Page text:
Headache, Absolutely.

    At one local “university”, a student explained in mitigation that she was a journalist In Taiwan, and most of the newspaper articles there were more or less plagiarised. In another case, an end-of-term project was failed due to plagiarism, so the postgraduate student simply plagiarised again for the resit, resulting in a an invitation for a cup of tea by the member of staff concerned.

  14. This makes me wonder why I actually put in some effort to get an MBA when I obviously should have just copied someone else’s work. I wonder where the exam crammers who pose like film stars on the backs of buses here got their advertised doctorates?

  15. Sojourner says:

    Congrats, Hemmers, Paul Zimmerman posted a link to you on Facebook today, and quoted one of your wisdom-laden pearls:

    “Physical bullying of innocent visitors is wrong. But physical bullying of the government is, sadly, the only thing that’s going to work.”

  16. A humongous pile of wads collop says:

    Very nice, la!!!!!!

  17. A humongous pile of wads collop says:

    @ Sojourner

    The lovey-dovey thing Sojourner has for Hemlock must be a worry to the principal author. It reminds me of the Seinfeld episode when George exhibited signs of a man-crush:

  18. Incredulous says:

    @Private Beach MBA = Master of Bugger All

  19. Sojourner says:

    @ A humongous pile of wads collop

    Ah, you read me like a book.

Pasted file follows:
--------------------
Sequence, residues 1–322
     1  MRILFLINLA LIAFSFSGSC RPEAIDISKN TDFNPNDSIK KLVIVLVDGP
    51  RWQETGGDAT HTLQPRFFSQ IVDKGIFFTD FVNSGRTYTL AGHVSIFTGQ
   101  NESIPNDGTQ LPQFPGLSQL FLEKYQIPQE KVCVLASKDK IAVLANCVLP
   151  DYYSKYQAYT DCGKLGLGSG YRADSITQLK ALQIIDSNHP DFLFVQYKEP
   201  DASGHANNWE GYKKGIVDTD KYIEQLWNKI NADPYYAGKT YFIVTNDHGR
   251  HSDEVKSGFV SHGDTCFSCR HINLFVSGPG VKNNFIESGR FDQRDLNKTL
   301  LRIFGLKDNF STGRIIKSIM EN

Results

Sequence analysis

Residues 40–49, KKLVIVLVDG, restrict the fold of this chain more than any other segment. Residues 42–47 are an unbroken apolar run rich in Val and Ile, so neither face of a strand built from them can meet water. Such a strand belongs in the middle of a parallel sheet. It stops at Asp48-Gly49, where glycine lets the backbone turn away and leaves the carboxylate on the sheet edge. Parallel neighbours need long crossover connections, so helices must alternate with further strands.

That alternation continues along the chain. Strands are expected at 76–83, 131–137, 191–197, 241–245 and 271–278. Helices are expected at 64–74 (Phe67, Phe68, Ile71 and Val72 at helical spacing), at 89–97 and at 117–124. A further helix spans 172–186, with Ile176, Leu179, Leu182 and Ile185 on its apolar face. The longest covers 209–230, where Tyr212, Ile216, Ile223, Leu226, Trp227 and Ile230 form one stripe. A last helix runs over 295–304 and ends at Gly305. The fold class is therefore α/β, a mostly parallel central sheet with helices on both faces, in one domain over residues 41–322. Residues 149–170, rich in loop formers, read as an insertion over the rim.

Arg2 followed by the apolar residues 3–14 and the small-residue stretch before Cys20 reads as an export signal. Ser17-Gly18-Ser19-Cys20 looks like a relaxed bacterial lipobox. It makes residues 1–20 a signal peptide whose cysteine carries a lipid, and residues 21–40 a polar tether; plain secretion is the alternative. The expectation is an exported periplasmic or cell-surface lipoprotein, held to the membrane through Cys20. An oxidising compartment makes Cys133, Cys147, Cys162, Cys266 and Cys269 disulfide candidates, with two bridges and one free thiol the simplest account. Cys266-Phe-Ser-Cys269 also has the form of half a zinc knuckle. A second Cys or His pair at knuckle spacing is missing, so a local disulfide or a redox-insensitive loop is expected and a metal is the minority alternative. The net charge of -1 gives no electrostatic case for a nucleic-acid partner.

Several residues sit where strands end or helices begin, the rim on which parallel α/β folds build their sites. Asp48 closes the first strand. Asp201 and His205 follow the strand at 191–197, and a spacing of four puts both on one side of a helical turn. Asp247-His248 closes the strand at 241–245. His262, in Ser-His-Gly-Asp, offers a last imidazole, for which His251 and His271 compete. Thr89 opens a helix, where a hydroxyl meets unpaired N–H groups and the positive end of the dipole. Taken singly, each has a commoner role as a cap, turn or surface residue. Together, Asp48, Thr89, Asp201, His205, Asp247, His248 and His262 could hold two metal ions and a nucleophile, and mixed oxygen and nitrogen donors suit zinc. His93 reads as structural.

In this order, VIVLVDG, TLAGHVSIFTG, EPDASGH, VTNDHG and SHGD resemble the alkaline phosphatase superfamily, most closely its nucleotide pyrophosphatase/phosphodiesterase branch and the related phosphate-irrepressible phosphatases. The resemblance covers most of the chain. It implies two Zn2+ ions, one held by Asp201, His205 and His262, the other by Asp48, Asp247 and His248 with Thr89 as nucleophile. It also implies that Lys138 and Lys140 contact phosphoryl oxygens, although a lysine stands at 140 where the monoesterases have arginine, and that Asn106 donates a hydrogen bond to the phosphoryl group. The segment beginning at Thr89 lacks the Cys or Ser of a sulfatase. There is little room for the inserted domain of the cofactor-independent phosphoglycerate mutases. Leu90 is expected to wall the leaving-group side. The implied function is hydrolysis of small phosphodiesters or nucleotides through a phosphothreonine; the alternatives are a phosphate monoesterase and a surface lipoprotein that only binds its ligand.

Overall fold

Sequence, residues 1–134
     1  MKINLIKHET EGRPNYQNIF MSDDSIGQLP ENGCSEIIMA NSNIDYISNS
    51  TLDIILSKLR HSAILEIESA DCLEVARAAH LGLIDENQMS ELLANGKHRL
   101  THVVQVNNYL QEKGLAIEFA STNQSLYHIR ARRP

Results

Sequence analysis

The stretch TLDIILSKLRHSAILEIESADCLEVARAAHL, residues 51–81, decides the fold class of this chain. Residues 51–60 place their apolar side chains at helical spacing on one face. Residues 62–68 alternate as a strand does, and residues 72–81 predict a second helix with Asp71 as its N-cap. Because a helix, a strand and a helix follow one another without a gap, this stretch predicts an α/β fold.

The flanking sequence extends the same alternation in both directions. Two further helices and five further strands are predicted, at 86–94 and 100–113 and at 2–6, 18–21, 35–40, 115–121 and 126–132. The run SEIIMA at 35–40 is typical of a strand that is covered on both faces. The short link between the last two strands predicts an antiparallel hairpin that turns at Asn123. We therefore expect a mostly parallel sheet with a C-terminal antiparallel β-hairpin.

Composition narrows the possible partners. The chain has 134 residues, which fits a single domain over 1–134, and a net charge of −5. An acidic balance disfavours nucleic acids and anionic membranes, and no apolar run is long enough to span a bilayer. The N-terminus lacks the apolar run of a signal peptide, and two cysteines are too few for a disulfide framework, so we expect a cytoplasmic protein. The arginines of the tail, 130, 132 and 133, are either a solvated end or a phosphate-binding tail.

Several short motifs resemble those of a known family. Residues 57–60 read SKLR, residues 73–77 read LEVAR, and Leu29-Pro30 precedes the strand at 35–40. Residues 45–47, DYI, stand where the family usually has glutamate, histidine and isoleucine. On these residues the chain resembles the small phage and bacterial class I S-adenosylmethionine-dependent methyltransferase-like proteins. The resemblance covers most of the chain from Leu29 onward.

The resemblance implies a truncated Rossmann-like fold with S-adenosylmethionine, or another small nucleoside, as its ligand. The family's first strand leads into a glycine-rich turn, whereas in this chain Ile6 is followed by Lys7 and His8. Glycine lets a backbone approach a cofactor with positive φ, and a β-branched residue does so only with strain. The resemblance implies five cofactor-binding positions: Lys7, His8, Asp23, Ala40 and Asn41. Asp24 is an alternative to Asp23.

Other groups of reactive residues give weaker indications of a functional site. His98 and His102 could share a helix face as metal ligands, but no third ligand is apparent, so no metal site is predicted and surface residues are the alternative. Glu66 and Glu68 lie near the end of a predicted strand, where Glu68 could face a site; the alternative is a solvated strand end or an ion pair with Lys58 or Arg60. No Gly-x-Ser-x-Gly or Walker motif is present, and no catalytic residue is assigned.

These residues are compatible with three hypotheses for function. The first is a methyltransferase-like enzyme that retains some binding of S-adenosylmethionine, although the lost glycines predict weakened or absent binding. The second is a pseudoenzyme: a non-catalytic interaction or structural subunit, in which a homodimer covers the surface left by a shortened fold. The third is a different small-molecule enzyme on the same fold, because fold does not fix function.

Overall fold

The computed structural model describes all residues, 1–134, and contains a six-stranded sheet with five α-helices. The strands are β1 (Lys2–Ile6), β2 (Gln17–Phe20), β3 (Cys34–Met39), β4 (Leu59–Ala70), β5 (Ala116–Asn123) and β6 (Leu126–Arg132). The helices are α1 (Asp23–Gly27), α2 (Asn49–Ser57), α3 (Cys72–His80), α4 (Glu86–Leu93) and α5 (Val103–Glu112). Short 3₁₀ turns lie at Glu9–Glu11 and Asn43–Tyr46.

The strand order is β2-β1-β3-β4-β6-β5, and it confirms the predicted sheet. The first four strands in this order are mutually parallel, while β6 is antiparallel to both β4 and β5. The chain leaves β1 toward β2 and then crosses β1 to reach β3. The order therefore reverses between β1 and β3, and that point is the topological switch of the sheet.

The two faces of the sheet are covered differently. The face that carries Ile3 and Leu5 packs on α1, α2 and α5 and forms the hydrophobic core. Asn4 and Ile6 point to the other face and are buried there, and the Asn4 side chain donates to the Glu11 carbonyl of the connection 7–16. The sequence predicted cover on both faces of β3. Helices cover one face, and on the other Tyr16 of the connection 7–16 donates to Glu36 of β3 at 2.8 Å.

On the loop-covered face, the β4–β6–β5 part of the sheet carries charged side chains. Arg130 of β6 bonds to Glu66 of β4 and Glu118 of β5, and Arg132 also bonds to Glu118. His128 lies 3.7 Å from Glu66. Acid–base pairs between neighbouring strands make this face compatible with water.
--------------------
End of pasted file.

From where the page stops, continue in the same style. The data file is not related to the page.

You’re quite the bitter old puss though, aren’t you?

  20. Sojourner says:

    @ A humongous pile of wads collop

    And I should add, making jokes through belittling others is the mark of a class-yard bully.

  21. A humongous pile of wads collop says:

    @ Sojourner at 10.53 am and 1.30 pm

    Gosh. Gosh. Gosh. The last time I felt like I think you are feeling was in 1972 (I was then ten). The object of my angst was blonde-haired girl in the parallel class who went by the name of Elaine. She was a member of the school’s Morris Dancing troupe; whenever she performed, I was smitten and mesmerized. Actually, thanks for indirectly reminding me of her!

  22. Sojourner says:

    @ A humongous pile of wads collop

    I don’t feed trolls or sociopaths.

  23. Backspace-Enter-Shift says:

    @ Sojourner

    “A humongous pile of wads collop” is a tad naughty, but trust me, he’s only trying to help. He’s trying to set you free. To this end, is there a Wellcome or Park-n-Shop nearby that sells BBQ charcoal. I know it’s a tad chilly now, but you might want to pop out and make a purchase. The glowing warmth and deep red colour it provides when lit always makes for a comforting sight.

  24. Sojourner says:

    Bless …